Doug Henwood wrote:
> Macdonald Stainsby wrote:
> > Meaning that our orientation is far less concerned
> >with appearances than it is results.
> Right. And several people at Zizek's Esssen conference on Lenin said
> that Leninism was about "concrete analysis of the concrete
> situation." What is specifically Leninist about this, or giving
> priority to results over appearances?
I would disagree with Essen Conference, with Doug & Zizek, and to a large extent with Mac. Personally, I wouldn't try to state the "essence" of Lenin ("Leninism" is probably a misleading term) in less than several hundred pages. One can describe some of the important features of his practice, without claiming that they represent such an essence but only that they point toward further thinking. I offer a numbered list in no particular order.
1. This may be apocryphal, but a friend once quoted Lenin as saying there are three revolutionary virtues: 1. Patience 2. Patience 3. Patience. In other words, the most hysterical anti-Leninist on this list lately was Steve Perry, who I gather has left us. Whether he said this or not, a reasonably careful reading of the first 10 or 15 volumes of his CW makes it fairly obvious.
2. Immense respect for the spontaneous activity of working people. For those who actually read WITBD rather than echo the ravings of his enemies that work makes this respect overwhelmingly obvious. In fact, WITBD makes no sense whatever except in terms of such respect, since all of its recommendations presuppose the existence of such spontaneous activity.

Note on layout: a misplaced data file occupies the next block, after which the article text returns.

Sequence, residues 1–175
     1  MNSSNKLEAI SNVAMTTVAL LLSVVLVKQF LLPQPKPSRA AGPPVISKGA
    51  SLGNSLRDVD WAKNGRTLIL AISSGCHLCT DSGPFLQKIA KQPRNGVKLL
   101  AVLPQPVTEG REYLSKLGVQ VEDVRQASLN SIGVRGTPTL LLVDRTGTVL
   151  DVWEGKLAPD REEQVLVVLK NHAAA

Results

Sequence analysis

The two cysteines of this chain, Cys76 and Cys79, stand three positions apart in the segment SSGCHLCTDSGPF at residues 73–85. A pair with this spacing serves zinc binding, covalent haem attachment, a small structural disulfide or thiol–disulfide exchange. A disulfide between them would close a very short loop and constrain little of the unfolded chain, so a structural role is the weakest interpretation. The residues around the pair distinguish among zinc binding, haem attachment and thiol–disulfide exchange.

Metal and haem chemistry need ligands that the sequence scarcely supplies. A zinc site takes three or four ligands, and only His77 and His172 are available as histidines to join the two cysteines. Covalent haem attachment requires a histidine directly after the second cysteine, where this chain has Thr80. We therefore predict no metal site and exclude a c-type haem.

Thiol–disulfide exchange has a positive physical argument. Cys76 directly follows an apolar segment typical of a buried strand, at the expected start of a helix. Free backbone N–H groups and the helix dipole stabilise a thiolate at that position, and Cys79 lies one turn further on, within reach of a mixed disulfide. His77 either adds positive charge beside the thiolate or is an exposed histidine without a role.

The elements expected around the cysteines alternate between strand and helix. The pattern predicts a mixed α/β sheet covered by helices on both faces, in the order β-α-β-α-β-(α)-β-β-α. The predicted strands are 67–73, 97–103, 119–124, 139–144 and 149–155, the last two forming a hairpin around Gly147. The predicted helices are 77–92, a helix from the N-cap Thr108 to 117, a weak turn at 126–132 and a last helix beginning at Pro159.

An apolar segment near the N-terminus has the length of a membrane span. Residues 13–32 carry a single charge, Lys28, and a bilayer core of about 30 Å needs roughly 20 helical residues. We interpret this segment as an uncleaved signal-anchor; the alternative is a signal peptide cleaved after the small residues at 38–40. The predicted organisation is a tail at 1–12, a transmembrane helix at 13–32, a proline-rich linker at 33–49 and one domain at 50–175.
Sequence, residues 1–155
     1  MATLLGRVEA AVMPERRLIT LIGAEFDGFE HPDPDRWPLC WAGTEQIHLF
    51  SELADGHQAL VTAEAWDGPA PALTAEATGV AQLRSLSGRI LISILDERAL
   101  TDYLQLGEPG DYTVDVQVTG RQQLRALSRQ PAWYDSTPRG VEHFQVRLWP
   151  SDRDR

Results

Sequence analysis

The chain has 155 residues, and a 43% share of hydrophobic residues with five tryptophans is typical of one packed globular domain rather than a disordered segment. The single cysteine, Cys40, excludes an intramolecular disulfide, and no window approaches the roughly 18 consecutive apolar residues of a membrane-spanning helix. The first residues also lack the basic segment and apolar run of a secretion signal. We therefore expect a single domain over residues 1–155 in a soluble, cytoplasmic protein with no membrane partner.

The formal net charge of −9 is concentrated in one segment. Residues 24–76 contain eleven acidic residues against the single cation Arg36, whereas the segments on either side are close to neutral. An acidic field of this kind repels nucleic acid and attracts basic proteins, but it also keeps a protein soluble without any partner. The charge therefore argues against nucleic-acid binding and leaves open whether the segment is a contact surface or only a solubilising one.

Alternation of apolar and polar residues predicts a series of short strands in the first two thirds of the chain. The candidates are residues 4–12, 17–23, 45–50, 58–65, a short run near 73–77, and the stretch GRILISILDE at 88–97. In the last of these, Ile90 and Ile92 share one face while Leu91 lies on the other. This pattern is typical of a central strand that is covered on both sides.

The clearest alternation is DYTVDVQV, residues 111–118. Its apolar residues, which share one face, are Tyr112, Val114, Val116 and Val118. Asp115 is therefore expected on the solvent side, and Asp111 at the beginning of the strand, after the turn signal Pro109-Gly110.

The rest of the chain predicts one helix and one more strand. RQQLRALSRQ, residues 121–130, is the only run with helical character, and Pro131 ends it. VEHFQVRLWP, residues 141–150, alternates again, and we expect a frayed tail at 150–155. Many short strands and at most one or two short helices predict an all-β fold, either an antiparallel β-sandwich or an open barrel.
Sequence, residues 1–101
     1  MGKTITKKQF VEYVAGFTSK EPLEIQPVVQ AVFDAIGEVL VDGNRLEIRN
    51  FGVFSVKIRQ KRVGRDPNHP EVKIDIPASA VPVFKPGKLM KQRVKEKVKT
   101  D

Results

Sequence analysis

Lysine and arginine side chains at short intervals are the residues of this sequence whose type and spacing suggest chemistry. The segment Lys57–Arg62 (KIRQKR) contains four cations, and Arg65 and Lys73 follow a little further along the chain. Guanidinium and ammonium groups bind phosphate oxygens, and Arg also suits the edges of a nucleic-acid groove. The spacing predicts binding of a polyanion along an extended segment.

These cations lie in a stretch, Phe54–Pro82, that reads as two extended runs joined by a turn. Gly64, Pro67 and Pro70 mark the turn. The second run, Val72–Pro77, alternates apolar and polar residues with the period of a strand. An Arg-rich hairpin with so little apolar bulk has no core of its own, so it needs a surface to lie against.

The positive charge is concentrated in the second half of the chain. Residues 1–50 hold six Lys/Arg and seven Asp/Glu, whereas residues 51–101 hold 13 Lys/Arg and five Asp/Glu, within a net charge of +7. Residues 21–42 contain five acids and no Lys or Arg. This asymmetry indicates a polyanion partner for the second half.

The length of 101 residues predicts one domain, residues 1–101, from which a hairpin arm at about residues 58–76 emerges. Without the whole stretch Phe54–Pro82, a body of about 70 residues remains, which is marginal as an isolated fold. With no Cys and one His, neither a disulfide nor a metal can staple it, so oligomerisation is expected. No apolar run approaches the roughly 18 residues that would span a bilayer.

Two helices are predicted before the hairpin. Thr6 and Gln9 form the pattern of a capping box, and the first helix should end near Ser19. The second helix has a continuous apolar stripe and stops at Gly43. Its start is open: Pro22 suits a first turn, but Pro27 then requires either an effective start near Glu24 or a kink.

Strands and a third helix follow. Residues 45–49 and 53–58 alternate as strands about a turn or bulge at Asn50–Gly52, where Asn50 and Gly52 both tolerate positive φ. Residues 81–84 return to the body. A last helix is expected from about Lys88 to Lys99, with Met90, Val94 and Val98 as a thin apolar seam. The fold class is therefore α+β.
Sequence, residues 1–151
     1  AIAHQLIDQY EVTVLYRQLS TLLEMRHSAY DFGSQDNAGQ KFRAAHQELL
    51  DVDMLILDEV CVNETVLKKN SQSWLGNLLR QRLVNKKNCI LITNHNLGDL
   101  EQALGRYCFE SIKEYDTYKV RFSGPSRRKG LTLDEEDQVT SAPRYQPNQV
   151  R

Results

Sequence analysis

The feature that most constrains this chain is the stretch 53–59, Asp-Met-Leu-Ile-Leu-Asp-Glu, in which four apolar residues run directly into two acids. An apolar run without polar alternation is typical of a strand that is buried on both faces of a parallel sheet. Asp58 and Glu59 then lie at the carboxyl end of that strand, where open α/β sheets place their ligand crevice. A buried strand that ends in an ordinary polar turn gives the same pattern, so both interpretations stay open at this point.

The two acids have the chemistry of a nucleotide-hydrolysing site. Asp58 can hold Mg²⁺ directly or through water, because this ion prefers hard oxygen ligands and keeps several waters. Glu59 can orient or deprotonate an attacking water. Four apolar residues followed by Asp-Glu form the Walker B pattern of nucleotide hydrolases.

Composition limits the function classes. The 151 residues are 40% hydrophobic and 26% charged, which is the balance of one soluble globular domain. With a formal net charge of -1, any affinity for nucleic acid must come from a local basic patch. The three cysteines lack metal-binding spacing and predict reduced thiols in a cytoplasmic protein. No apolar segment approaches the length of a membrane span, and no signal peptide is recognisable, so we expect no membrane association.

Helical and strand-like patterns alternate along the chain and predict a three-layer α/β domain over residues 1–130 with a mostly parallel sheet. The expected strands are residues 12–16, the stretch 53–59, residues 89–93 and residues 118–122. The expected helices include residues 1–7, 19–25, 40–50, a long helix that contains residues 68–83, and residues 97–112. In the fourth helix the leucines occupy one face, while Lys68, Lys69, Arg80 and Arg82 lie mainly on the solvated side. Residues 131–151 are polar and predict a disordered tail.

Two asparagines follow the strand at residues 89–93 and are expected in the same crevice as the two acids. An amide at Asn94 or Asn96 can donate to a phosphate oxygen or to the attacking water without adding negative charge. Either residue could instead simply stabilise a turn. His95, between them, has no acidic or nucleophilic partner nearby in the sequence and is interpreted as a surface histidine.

3. The assumption that revolutionaries must spend a good deal of time talking to each other, and that a major task of revolutionary organizations is to create the context for such conversation. Here again Stever Perry is the archetype of the anti-Leninist.
4. Anti-empiricism. The thrust of MEC is that the real is invisible -- relations rather than naked facts. Mel Rothenberg gave a good paper on this at last year's Marxism 2000 conference. (Lenin did not have to reread Hegel in 1916 to learn dialectics.)
5. In the useful (though perhaps not wholly tenable) distinction the Chinese introduced between thought and theory, most of Lenin's work should in fact be categorized under "thought," and when he speaks of theory it is thought he is referring to. Hence the "ism" in Leninism is nearly as misleading as the ism in "Maoism." Hence the task of transferring Lenin's thought to a different context is, while neither impossible nor unnecessary, fraught with a good deal of difficulty and should not be lightly undertaken.
6. Agitation as well as propaganda is directed primarily towards those who are already in agreement with us, except that in the case of agitation that agreement is casual, perhaps shallow, and is agreement only in reference (for the most part) to the workers' personal experience, while in the latter case the worker/comrade has made her agreement more or less conscious and is seeking actively to deepen it.
7. The best commentary I know on WITBD is Hal Draper, "The Myth of Lenin's 'Concept of the Party': Or What They Did to _What Is To Be Done_," _Historical Materialism_ 4 (Summer 1999), pp. 187-213.